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The Top 5 Things to Look For in a Real Estate Investment

Fundrise blog, crowdfunding blog, CRE blog, RE investing blog

Real estate investing can be complex.

The industry lingo and analysis of most deals often proves intimidating for the average investor with little experience. While no investment is easy, there are five key factors we consider when thinking about making a real estate investment, whether on Fundrise or through other means.

1. Location, Location, Location

While it may seem obvious, the old saying is true. Many people underestimate the power of well-located real estate. During the run-up to the 2008 recession, many financial institutions invested in places where demand didn’t yet exist, like the remote suburbs in Southern California. When the housing boom stopped and the bubble burst, the real estate itself had very little inherent value due to its location.

One advantage of investing in local real estate is that you know the location and understand what’s going on in the surrounding area. A simple way to think about it is: “Regardless of the state of the market, is this a location I would want to own in 10 years from now?”

2. Developer Track Record

After location, the quality of the developer and their track record is our most important measure. An ethical, competent developer is critical to the success of any real estate development. Like with any company, an experienced entrepreneur has the ability to manage the inevitable ups-and-downs and can make all the difference between failure and success.

For example, during the development of Gallery Place at 7th and H St NW in Washington, DC, four retail tenants - AMC Theatres, Jillians Bowling, Borders Books, and Virgin Megastore - either went bankrupt or fell through after construction had commenced.

Today, however, Gallery Place has a great retail lineup - Clyde’s, Regal Cinemas, Lucky Strike, and Urban Outfitters - and successfully spurred the redevelopment of downtown in large part because of the experienced development team of Akridge and Western Development.

3. Price

Like Warren Buffett’s motto when it comes to stock investments, we believe the most reliable real estate investment strategy is to focus on value. Buying value means purchasing properties at or below their replacement cost (the cost to build the same building today). If it costs $350 per square foot (PSF) to build a new building and you can buy an existing one for $250 PSF, then you’ve made a value investment. Real estate is a hard asset, a commodity, which means that there’s a limited supply. Unless we start building islands, there is a finite amount of land in the world. So if you can buy property today at a good value price (i.e. less than what it costs someone else to build the same thing), then over the long term, at some point the price will rise.

4. Quality of the Building

As it happens, another component of Warren Buffett’s investment strategy is to purchase quality assets. Like a good location, a quality building that is well designed and constructed pays dividends, especially over the long run.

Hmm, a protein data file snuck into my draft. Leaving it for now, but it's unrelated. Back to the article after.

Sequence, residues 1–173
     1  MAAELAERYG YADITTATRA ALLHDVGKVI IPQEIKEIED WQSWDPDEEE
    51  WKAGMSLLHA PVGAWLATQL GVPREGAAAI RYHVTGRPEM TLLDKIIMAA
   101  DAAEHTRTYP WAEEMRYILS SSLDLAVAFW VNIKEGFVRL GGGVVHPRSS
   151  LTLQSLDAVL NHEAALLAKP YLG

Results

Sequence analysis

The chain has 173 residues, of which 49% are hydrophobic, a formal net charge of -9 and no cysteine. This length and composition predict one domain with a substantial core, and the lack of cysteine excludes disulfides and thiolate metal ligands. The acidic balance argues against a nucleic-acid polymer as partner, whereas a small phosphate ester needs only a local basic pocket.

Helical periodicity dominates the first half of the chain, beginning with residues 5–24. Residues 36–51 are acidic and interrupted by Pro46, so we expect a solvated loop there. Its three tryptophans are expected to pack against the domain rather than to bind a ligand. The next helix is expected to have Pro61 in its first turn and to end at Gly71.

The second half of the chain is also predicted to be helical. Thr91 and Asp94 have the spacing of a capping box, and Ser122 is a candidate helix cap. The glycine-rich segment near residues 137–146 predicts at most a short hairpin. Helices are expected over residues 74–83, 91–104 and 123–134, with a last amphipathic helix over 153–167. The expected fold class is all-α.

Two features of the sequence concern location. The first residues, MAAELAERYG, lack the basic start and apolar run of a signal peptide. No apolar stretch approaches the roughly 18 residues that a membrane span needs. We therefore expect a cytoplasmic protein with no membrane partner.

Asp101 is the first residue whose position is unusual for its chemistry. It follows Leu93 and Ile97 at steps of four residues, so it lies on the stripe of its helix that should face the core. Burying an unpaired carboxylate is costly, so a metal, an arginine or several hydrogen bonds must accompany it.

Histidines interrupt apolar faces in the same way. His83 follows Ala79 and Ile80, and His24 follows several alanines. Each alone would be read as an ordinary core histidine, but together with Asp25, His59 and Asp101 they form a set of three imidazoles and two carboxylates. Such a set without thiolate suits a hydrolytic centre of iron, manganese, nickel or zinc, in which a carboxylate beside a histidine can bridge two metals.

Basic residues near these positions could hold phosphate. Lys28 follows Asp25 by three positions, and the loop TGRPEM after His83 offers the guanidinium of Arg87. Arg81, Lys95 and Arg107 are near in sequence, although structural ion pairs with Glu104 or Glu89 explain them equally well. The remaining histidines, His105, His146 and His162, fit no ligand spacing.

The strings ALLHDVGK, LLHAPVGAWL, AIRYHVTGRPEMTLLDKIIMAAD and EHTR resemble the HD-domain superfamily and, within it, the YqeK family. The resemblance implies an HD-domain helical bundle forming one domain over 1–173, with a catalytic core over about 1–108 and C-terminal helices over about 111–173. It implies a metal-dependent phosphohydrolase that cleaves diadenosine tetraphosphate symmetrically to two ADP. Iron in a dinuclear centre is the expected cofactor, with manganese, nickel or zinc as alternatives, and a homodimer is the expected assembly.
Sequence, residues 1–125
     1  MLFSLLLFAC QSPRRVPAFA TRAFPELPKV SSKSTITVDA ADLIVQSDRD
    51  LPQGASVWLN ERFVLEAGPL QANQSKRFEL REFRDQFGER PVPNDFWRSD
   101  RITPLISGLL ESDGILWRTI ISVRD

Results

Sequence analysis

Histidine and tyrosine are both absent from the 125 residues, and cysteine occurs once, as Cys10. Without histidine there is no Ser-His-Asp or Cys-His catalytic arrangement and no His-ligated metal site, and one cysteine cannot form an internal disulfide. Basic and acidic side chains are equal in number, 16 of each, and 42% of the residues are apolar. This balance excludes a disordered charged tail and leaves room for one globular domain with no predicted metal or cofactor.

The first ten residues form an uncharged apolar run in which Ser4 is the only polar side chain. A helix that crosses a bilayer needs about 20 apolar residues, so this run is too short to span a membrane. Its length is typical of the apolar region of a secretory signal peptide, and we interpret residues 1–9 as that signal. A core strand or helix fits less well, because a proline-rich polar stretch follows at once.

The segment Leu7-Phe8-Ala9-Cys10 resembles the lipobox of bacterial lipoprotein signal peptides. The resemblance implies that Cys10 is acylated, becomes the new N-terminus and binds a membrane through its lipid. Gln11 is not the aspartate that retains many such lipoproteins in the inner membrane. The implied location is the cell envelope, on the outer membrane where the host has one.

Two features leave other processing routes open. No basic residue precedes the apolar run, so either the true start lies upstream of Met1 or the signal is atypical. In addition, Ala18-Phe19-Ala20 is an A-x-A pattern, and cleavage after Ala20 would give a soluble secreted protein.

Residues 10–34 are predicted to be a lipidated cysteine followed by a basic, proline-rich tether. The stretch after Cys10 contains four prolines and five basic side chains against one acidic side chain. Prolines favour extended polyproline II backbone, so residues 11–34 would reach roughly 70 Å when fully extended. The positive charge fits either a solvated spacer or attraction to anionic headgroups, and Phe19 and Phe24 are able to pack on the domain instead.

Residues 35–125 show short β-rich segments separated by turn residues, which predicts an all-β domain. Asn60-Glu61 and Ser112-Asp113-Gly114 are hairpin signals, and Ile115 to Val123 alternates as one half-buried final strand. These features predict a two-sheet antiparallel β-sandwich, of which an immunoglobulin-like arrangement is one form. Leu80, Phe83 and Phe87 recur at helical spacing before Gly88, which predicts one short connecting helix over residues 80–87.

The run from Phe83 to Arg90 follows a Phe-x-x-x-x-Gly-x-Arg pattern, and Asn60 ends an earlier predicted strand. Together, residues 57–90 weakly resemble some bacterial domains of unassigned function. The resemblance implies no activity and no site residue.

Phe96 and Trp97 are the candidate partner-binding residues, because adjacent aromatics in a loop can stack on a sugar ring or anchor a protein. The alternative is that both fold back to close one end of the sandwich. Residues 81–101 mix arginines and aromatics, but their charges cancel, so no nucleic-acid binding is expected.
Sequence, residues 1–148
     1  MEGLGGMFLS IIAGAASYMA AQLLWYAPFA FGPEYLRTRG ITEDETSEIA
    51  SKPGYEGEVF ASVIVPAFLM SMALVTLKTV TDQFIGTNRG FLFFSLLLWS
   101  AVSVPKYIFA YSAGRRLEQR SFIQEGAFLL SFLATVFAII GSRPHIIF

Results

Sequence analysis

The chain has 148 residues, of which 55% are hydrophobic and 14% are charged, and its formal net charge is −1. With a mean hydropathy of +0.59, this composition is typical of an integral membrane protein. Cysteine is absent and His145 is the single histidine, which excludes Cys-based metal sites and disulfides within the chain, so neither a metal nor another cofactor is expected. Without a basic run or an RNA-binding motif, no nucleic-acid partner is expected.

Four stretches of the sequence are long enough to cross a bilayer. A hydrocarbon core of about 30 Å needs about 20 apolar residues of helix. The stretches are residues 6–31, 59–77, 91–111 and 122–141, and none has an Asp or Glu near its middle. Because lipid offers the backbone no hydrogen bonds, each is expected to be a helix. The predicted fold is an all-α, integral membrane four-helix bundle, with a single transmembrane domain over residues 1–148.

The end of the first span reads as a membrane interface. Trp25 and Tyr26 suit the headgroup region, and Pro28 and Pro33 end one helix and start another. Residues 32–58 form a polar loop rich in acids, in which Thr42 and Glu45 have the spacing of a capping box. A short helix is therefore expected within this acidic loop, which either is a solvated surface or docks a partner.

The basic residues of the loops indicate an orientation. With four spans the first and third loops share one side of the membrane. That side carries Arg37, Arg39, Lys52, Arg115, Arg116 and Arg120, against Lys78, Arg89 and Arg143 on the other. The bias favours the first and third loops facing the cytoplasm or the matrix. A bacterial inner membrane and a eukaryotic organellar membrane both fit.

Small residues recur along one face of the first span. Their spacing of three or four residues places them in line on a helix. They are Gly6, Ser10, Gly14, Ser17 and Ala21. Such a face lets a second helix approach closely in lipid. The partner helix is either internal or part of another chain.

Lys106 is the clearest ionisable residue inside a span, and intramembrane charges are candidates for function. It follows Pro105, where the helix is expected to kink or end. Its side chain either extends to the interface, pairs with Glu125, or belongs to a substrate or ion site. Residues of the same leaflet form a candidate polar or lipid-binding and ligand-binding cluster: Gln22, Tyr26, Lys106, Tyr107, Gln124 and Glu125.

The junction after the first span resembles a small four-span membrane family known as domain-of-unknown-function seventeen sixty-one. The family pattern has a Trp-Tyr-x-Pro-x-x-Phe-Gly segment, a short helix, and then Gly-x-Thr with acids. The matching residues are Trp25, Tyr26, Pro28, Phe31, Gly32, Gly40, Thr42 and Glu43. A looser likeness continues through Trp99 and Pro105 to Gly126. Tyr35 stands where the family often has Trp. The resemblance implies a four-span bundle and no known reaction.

High quality buildings not only require less ongoing maintenance and capital repairs, but they also tend to lease faster and at higher rents. The best quality buildings are unique, LEED-certified, and create a sense of place, which in turn can bring crowds. Crowds = demand, which in real estate is almost always a good thing.

5. Leverage (Debt)

The amount of debt on a property will magnify both your investment returns and risk. To give you a sense of just how powerful leverage is in real estate, let’s look at an example of a real estate deal under normal conditions.

Typically, a real estate deal will have approximately 65% debt (for every dollar of equity you put in, the lender will give you roughly two dollars in debt). Now imagine that the real estate industry starts to boom and bankers begin to compete to give out loans. If the lender gets aggressive and decides to increase the amount of debt, your equity can buy a lot more real estate.

For example:

75% debt – lender gives you 3 dollars for every 1 you put in

80% debt – lender gives you 4 dollars for every 1 you put in

90% debt – lender gives you 9 dollars for every 1 you put in

As you increase your leverage and total debt amount, you increase the amount of property you can purchase and therefore potentially profit from. But increased leverage also exposes you to much greater risk. In the last example, if you are 90% levered, a minor 10% swing in the property value or annual income can wipe out your entire investment! We believe that a healthy amount of debt is somewhere between 60% - 75% depending upon the individual deal.


These are just a few of the factors to consider when evaluating real estate investments. Others include tenancy, market competition, debt terms, inflation, transportation infrastructure, operating agreement terms and fees, market growth and risks, among many others. 


By: Ben Miller

Co-Founder | Fundrise


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